changingminds.org

How we change what others think, feel, believe and do

 

Disciplines

 

Techniques

 

Principles

 

Explanations

 

Theories

 

 

Home

 

Blog!

 

Quotes

 

Guest articles

 

Analysis

 

Books

 

Help us

 

Links

 

 

Please help
and share:

 

3 Ways to Avoid Being Invisible on the Trade Show Floor

 

Guest articles > 3 Ways to Avoid Being Invisible on the Trade Show Floor

 

by: Susan Friedmann

 

I recently read an article in Newsweek about being invisible in different cities around the globe by just fitting in with the locals, in the way you dress and behave.

This triggered a thought about how most exhibitors display themselves at trade shows. They have similar booth displays, bland and often uninteresting graphics and an array of stuff that is simply blah! In other words, there’s very little that jumps out at the visitor with the message “Notice Me!”

Walking down the aisle as an attendee, these exhibits blend into nothingness, and are quite simply, seem to wear the invisibility mantel with pride. This begs the question, “is this really the role you want to play when you invest serious marketing dollars to be at the show?”

Here are three ideas to consider if you decide you want to be noticed:


1. Be different.

Next time you’re at a show, either as an exhibitor or as an attendee, check out the sameness around you. Ask yourself, “what would it take to be different in this industry environment?” “What would help you stand out from the crowd?”

Recently, a coaching client of mine exhibited at a local expo. As a first-time exhibitor we discussed ideas that would have the company stand “head and shoulders” above the competition. Being in the property maintenance business, they decided to use live shrubbery creatively to arouse attendee curiosity. It worked extraordinarily well, and they captured more leads than they’d planned for.

 

2. Break the rules.

In your quest to be different, take your ideas and experiment with different approaches. Can you add to it or take something away? Challenge the norms, break the rules and allow yourself to be zany, crazy and off-the-wall. Read Roger von Oech’s “Whack on the Side of the Head,” to help get those creative juices flowing.

 

3. Think like a kid.

Children have an innate gift of bizarre ways of looking at things. Somewhere along the way we lost that gift and replaced it with average vanilla thinking, and duplication of what others do. Typically, the thought process is, “if it works for them, it’ll work for us.” Sameness is boring.

Invite a few five year olds to look at your ideas, and work on helping you create something completely different. You might need to adapt their ideas, but, their way of looking at things could definitely get you out of your “box-like” thinking.

To rid yourself of that invisibility mantle, keep your overall goal in mind: “How can we be different, stand out from the crowd, and be noticed, so that visitors will stop, take interest, and ultimately, buy what we have to offer?”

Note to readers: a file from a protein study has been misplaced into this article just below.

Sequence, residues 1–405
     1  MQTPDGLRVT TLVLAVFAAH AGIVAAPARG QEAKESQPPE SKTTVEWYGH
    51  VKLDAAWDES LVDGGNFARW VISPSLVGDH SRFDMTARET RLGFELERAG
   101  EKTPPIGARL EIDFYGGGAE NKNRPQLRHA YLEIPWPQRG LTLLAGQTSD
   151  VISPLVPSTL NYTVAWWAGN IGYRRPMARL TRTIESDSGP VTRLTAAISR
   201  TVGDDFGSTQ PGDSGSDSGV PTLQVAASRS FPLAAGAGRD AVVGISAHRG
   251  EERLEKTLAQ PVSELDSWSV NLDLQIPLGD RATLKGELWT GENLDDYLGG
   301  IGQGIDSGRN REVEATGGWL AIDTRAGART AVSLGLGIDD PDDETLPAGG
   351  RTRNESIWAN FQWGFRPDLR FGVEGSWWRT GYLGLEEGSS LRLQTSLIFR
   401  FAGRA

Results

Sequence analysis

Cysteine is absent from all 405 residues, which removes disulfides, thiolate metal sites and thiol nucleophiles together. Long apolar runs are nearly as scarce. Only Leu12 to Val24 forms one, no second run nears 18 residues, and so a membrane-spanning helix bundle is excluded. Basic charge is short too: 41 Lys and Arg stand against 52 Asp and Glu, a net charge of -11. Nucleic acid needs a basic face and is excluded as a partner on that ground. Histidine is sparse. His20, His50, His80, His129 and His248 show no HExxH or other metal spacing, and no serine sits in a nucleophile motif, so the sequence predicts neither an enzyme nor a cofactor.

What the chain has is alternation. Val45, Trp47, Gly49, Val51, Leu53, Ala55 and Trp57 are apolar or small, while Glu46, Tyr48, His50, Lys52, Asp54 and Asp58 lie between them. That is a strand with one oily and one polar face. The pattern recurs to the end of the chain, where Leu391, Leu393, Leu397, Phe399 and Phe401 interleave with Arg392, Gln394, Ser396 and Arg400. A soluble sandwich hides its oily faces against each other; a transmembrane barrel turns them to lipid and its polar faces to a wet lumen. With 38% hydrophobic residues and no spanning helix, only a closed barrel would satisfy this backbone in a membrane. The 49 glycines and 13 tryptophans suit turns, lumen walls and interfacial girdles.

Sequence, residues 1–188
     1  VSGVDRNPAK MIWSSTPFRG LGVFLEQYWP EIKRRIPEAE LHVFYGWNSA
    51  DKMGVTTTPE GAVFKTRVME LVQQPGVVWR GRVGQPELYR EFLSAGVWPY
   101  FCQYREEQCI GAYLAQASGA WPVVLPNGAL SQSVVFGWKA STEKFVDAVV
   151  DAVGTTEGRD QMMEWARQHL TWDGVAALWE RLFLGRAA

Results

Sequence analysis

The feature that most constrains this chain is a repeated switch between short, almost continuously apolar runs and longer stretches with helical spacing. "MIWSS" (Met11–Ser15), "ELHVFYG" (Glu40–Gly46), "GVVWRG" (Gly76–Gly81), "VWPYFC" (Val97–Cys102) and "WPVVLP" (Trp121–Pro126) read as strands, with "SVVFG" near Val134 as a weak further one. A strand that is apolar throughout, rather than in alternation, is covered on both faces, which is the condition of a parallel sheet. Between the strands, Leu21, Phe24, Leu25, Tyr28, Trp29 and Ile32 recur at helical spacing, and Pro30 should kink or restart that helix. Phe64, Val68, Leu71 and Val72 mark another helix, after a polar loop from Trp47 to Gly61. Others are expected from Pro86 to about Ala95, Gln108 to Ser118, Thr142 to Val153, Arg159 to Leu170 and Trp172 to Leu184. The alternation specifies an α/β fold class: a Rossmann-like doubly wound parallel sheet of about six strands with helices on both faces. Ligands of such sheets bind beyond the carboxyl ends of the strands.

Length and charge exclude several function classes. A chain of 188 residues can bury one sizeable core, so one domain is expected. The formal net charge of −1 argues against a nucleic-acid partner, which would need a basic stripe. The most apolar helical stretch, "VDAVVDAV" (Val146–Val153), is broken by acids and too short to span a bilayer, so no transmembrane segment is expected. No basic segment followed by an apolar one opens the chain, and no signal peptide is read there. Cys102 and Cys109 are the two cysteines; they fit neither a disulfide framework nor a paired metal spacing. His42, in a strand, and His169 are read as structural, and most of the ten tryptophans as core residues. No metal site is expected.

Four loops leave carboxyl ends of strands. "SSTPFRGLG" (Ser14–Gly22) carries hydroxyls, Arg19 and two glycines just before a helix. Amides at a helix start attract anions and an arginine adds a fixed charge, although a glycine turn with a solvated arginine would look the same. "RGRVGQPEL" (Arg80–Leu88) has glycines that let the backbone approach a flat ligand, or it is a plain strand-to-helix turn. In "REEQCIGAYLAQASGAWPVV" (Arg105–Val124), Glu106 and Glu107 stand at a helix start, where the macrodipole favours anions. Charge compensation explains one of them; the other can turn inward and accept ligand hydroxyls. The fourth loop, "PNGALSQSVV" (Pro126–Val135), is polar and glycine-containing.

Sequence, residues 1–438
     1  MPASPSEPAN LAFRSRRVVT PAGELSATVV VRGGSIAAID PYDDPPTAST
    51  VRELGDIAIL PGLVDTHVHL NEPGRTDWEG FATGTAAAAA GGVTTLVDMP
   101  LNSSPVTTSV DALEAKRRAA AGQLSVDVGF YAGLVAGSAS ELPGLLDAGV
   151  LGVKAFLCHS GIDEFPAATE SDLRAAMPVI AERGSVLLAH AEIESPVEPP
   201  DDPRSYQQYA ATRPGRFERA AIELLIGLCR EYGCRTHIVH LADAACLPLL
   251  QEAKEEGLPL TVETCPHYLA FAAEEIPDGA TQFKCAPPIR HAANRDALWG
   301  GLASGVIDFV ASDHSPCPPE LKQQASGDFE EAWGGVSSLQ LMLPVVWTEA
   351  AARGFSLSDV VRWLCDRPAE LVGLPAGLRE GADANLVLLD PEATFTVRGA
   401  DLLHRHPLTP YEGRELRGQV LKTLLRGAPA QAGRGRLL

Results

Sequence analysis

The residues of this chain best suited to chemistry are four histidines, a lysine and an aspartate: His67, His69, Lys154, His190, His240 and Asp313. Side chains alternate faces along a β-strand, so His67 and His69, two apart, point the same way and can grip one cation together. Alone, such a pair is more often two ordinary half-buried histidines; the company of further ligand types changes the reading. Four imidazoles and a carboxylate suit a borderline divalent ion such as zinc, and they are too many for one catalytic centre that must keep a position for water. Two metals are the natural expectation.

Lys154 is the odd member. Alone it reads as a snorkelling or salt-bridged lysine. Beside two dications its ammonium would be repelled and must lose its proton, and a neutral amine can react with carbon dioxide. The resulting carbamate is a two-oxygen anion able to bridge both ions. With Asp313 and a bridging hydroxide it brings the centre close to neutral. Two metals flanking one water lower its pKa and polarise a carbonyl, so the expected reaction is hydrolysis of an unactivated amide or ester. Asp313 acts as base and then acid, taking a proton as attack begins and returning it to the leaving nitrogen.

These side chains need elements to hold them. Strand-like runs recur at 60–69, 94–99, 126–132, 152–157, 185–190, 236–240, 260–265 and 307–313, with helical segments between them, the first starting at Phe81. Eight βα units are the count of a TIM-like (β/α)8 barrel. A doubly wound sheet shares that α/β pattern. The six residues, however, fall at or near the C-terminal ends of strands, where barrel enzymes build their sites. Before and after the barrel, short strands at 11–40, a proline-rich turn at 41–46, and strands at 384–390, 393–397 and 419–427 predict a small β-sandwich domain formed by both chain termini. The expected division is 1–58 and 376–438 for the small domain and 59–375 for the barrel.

Written by Susan A. Friedmann,CSP, The Tradeshow Coach, Lake Placid, NY, author: “Meeting & Event Planning for Dummies,” working with companies to improve their meeting and event success through coaching, consulting and tradeshow training. For a free copy of “10 Common Mistakes Exhibitors Make”, e-mail: article4@thetradeshowcoach.com; website: www.thetradeshowcoach.com


Contributor: Susan Friedmann

Published here on: 08-Ajug-10

Classification: Trade shows, Sales

Website: www.thetradeshowcoach.com

 

More Kindle books:

And the big
paperback book


Add/share/save:


 

 


Save the rain


 

 


SalesProCentral

 

Contact Caveat About Students Webmasters Awards Guestbook Feedback Sitemap Changes

 

 

Quick links

Disciplines

* Argument

Brand management

* Change Management

Coaching
+
Communication

Counseling

Game Design

+ Human Resources

+ Job-finding

* Leadership

Marketing

Politics

+ Propaganda

+ Rhetoric

* Negotiation

* Psychoanalysis

* Sales

Sociology

+ Storytelling

+ Teaching

Warfare

Workplace design

 

Techniques

+ Assertiveness

* Body language

* Change techniques

* Closing techniques

+ Conversation

Confidence tricks

* Conversion

* Creative techniques

* General techniques

+ Happiness

+ Hypnotism

+ Interrogation

* Language

+ Listening

* Negotiation tactics

* Objection handling

+ Propaganda

* Problem-solving

* Public speaking

+ Questioning

Using repetition

* Resisting persuasion

+ Self-development

Sequential requests

Stress Management

* Tipping

Using humor

* Willpower

Principles

+ Principles

Explanations

* Behaviors

+ Beliefs

Brain stuff

Conditioning

+ Coping Mechanisms

+ Critical Theory

+ Culture

Decisions

* Emotions

Evolution

Gender

+ Games

Groups

+ Identity

+ Learning

Meaning

Memory

Motivation

+ Models

* Needs

+ Personality

+ Power

* Preferences

+ Research

Relationships

+ SIFT Model

+ Social Research

Stress

+ Trust

+ Values

Theories

* Alphabetic list

* Theory types

 


  Changing Minds 2002-2013

  Massive Content -- Maximum Speed

TOP